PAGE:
Too often we try to mold our view of reality to meet our expectations when we should be doing exactly the opposite. While it is always nice to dream of a utopian corporate world, in actuality corporations have to deal with many factors well beyond their control. It is the knee-jerk reaction of Wall Street to those exogenous factors that often creates bargains for the astute investor.
In other words, relying on short-term fluctuations of a company's share price to predict the future of that company is a mistake. Keep in mind that share price data at a particular point in time is merely an indication of Wall Street's arbitrary opinion of a company's performance at that moment.
At the same time, a company's prior and potential future accomplishments, fundamental financial data and dividend policy are ascertainable with complete certainty. By combining the results of your research with the temporary underperformance of a company's share price, you can potentially realize substantial capital gains going forward.
One good example is Coach. Over the years, this company has performed well for investors. Unfortunately, recent earnings news has degraded its share price performance. Nonetheless, I am still willing to allow Coach some additional leeway to demonstrate that it can regain Wall Street's confidence.
When I last wrote about the company a year ago, my earnings estimate for 2013 (Coach's fiscal year closes at the end of June) was $3.90 per share, with a 12-month target price on the shares of $66. Earnings for the year came in at $3.73 and the shares recently closed at $55.39. The first reaction of many is to abandon the shares to the dustbin. Not so fast; let's analyze the situation.
Although North American sales saw a 1.7 percent decline in volume, Coach did well overseas. However, as a result the uncertainty and weakness in much of our economy, customers here are now more price sensitive than in the past.
For the 2013 fiscal year, net sales rose 7 percent to $5.08 billion, up from $4.76 billion the year prior, while net income, excluding unusual items, increased 3 percent to $1.07 billion from $1.04 billion. On a constant currency basis sales rose 8 percent for the year. In addition, earnings per share were $3.61, up from $3.53. On a non-GAAP basis earnings rose 6 percent to $3.73.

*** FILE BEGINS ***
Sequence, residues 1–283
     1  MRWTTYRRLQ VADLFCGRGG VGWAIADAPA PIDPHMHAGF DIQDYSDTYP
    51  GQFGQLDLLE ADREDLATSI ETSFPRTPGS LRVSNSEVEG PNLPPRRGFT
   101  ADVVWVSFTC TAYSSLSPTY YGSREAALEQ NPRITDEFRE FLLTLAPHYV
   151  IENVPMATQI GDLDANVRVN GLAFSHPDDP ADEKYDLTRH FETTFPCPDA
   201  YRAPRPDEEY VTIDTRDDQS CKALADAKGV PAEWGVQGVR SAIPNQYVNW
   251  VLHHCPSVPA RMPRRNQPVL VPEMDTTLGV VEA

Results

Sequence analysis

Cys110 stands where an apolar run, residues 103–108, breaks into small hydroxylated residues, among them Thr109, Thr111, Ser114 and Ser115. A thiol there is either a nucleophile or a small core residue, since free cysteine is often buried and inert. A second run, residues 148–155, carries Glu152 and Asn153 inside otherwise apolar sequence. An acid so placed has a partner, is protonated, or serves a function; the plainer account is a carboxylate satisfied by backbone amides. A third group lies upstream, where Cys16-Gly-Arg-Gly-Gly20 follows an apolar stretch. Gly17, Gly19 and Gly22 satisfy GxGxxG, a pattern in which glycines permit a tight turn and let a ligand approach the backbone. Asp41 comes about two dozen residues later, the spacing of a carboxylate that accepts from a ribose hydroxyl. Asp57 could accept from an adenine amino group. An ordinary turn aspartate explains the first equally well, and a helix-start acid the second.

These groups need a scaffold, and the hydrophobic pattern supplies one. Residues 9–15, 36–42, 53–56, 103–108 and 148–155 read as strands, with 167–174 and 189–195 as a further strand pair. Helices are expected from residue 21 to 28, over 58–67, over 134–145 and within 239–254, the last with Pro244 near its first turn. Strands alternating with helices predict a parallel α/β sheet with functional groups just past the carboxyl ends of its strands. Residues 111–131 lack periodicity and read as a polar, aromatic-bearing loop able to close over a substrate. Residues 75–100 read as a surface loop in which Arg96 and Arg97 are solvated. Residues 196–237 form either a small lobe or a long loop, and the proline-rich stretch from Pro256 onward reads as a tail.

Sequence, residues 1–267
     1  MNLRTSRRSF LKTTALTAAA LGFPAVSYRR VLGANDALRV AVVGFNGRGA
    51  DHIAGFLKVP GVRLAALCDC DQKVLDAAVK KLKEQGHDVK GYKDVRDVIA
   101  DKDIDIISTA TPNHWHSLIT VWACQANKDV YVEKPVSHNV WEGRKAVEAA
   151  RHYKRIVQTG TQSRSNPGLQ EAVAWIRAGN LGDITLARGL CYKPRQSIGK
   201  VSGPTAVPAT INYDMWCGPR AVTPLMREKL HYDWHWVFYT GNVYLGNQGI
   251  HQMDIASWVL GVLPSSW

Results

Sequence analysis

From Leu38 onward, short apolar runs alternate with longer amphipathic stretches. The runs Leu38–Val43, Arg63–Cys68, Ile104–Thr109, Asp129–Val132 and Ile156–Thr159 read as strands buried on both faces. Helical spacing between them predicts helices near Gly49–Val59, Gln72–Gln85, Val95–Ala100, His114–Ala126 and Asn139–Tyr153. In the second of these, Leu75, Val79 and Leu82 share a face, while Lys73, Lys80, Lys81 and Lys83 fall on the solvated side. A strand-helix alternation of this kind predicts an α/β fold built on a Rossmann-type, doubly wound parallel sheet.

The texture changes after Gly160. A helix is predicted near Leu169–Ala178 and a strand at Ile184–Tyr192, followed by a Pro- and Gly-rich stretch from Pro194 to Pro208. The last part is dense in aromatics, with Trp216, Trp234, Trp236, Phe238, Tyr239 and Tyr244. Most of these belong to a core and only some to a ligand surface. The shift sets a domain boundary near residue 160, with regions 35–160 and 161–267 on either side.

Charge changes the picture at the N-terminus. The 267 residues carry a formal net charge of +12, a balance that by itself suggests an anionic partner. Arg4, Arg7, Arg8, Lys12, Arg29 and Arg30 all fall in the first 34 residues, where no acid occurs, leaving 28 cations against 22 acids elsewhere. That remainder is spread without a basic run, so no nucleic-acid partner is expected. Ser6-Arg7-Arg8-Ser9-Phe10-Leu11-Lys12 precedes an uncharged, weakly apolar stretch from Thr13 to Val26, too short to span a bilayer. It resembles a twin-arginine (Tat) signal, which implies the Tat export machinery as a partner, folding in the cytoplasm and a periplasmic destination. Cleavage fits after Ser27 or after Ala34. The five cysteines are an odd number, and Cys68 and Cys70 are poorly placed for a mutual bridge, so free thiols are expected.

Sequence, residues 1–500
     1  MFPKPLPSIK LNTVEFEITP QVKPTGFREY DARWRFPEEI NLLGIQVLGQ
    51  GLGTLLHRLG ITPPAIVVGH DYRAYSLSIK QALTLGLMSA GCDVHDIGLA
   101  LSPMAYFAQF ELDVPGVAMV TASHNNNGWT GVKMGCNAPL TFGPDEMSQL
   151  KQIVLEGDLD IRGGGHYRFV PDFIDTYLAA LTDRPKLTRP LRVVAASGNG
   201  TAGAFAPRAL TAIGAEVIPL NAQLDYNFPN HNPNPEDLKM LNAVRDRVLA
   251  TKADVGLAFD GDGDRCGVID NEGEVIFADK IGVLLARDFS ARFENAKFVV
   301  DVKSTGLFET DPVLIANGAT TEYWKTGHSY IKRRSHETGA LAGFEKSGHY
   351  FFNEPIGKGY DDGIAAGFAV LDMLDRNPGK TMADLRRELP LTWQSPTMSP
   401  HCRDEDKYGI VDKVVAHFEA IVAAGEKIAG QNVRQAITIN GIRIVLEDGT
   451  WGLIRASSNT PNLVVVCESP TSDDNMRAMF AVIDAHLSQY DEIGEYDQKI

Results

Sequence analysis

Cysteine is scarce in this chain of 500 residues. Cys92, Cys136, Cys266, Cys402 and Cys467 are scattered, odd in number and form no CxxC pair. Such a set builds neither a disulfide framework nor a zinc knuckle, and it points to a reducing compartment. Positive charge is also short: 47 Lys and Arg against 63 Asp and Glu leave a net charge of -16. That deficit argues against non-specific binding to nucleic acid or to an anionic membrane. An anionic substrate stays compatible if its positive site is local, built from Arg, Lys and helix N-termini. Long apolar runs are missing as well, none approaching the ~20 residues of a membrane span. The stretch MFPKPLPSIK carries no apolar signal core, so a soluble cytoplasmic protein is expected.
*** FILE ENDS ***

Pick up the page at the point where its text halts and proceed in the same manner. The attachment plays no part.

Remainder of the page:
Operating income for the year totaled $1.52 billion, while the company's operating margin was 30.0 percent, as compared to $1.51 billion and 31.7 percent for the same period a year prior. Gross profit was $3.70 billion, while the company's gross margin was 72.9 percent.
Fiscal 2013 had a number of milestones, including the acquisition of the company's retail businesses in Malaysia and Korea and the transition of Coach Europe to a directly operated business just after the close of the year. During fiscal 2013, the company's men's line grew nearly 50 percent to over $600 million at retail. In China, sales grew 40 percent, totaling about $430 million.
At the moment, the stock is trading well below its 52-week high of $63.24. Within its industry, Coach has one of the lowest price-to-earnings ratios. The intrinsic value of the shares using a discounted earnings model with a consensus 5-year average earnings growth rate of 10.96 percent and a discount rate of 15 percent, is $76. The more conservative free cash flow to the firm model produces an intrinsic value of $98.
My earnings estimate for fiscal 2014 is $3.85 with a 12-month projected share price of $63 for a 15 percent capital gain. There is also an indicated dividend yield of 2.5 percent.
Lauren Rudd is a financial writer and columnist. You can write to him at LVERudd@aol.com